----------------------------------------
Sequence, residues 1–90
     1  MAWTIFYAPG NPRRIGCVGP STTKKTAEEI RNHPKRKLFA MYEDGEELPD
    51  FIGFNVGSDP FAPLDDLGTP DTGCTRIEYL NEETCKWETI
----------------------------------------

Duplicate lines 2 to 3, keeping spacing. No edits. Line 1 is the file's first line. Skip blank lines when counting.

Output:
     1  MAWTIFYAPG NPRRIGCVGP STTKKTAEEI RNHPKRKLFA MYEDGEELPD
    51  FIGFNVGSDP FAPLDDLGTP DTGCTRIEYL NEETCKWETI